The trial, which is the first of its size in the world to look at outcomes at six months, suggest this might be achieved using functional MRI with TMS to define the exact area of the brain to hit. MRI is not normally used to deliver this treatment.
The team used neuronavigation, a computerised tracking system using light to deliver the TMS, which is a way of precisely pinpointing the area of stimulation so that the same area is targeted at all 20 treatment sessions.
Richard Morriss, Professor of Psychiatry in the School of Medicine and Lead for the Centre for Mood Disorders at the Institute of Mental Health at the University of Nottingham, said: “Ideally when people come for a TMS session, they would sit in the exact same place, but this is rarely going to happen. This method uses light from both ear lobes and the top of the nose to measure the stimulation point from the first time a patient has the treatment. The MRI personalises the site of stimulation and then neuronavigation makes sure the same site is being stimulated at each treatment session. This reduces the variability in stimulation at each session. Since the magnetic pulse can be focused, there are usually only minor short-lasting side-effects, and the person can return to their daily activities immediately on return from the hospital.”
A total of 255 participants took part in the national trial, with 44% of all thr trial participants being recruited from Nottingham and Nottinghamshire by the Trust's Research Delivery team. Patients already in specialist mental health services were recruited, and both Primary Care trusts and GPs were approached, with all participants having to be referred by their GP to take part.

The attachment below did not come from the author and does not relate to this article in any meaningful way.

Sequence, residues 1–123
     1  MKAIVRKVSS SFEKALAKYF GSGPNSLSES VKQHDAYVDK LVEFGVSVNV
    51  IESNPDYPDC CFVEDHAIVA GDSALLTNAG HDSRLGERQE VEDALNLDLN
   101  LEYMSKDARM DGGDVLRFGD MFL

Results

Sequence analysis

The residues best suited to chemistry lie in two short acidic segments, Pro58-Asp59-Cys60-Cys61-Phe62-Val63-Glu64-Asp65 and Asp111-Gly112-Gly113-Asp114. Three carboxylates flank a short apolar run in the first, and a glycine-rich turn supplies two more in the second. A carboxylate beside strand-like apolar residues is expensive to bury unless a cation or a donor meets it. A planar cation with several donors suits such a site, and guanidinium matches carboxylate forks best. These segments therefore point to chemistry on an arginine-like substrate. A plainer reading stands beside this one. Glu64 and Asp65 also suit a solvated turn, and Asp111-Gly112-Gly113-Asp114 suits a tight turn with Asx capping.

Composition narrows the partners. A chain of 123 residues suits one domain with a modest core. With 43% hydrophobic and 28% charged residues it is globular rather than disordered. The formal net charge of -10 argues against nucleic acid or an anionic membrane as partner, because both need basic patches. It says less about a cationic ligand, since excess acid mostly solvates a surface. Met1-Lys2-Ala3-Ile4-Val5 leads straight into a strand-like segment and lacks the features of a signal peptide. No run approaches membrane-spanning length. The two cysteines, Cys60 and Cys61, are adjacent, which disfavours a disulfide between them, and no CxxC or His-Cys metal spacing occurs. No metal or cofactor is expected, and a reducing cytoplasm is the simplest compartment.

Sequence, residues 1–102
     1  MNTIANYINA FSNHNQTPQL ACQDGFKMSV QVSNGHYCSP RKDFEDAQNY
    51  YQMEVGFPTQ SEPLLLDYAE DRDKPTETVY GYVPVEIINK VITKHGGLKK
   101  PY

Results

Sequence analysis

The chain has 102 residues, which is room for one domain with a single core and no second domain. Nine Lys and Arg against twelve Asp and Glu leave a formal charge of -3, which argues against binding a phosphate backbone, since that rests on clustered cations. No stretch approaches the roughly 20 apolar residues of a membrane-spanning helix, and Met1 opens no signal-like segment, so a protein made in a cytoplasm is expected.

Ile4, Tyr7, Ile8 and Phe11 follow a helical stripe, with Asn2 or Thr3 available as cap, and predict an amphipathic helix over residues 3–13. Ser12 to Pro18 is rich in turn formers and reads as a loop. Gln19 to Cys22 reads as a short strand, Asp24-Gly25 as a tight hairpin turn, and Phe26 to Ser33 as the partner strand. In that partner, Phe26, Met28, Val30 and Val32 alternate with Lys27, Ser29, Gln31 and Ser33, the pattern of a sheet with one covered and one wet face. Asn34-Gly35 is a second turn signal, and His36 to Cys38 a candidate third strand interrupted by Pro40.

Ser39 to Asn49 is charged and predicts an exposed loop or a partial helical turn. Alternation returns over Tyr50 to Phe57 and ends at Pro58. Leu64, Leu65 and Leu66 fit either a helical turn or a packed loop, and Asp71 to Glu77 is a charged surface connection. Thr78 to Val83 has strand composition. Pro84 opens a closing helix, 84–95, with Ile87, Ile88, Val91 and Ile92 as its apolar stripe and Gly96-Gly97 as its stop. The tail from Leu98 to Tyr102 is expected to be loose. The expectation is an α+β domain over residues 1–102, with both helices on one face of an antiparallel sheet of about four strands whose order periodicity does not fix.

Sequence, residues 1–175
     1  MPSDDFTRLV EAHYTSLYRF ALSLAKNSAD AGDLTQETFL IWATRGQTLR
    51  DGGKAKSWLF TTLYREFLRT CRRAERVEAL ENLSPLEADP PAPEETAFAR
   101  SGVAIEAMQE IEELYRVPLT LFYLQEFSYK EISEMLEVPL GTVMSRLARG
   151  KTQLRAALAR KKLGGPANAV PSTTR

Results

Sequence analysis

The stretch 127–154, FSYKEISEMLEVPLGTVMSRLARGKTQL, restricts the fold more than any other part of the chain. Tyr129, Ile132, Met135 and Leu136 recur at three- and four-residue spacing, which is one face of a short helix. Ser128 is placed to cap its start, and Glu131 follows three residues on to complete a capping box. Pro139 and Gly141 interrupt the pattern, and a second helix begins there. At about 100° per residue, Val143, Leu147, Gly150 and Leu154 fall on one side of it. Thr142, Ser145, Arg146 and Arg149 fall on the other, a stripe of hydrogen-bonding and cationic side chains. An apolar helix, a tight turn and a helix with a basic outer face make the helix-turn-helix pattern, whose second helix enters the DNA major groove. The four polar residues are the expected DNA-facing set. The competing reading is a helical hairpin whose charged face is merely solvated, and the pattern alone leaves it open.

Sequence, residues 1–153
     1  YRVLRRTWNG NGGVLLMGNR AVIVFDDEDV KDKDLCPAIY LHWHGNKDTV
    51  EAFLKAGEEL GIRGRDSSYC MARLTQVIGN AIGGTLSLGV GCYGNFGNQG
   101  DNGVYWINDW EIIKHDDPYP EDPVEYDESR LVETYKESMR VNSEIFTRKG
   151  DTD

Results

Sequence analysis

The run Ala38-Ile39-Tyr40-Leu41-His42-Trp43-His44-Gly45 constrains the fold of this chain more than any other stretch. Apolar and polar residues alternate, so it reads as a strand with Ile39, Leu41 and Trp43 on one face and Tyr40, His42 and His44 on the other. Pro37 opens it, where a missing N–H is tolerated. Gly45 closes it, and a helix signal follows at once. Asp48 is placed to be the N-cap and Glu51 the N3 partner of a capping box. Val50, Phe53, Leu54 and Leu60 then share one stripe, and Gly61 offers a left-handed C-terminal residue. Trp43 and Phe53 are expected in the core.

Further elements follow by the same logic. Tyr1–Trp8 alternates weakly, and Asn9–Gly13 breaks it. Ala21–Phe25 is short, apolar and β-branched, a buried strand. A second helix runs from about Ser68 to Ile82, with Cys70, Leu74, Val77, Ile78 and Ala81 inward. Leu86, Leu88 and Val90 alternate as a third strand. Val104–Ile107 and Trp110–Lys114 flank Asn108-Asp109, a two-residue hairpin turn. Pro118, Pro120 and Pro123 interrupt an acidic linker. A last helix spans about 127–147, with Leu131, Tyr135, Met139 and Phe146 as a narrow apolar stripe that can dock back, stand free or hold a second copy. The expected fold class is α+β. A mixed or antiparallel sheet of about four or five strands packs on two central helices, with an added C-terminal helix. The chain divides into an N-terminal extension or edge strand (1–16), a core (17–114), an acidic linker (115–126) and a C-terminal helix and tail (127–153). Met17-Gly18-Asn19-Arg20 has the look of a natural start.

Substantial improvement in quality of life
Over two thirds of participants responded to the treatment, with a third showing 50% improvement in terms of their symptoms and a fifth managing to move into remission and stay there.
“Given these patients are people who have not responded to two previous treatment attempts and have been ill for an average of 7 years, to get such a significant response rate and a fifth who have a sustained response is really encouraging,” said Professor Morriss.
He adds: “Patients who responded to the treatment could stay relatively well compared to how they were previously, with as little as one or two treatments a year. The changes we saw were substantial, not only in reducing their depression symptoms, but they were large enough to improve concentration, memory, anxiety and subsequently their quality of life. The results have already persuaded three NHS Mental Health Trusts, including Nottinghamshire Healthcare NHS Foundation Trust, to routinely offer new TMS services for treatment resistant depression.”
One of the participants of the trial said: “It has been a privilege to work alongside the research and clinical teams and feel that you are making an important contribution to such a groundbreaking study from a patient perspective. The next challenge is to make transcranial magnetic stimulation a standard and universally available treatment option for difficult to treat depression."
Professor Danny McAuley, Scientific Director for NIHR Programmes, said: “Once again, high quality research funded by NIHR and MRC is making a step change in improving health and care services. It’s brilliant to see three UK mental health trusts are now routinely offering TMS to patients following robust evidence from this study.
“These are important findings showing this novel technique can hugely benefit patients with severe depression which has not responded to other treatments."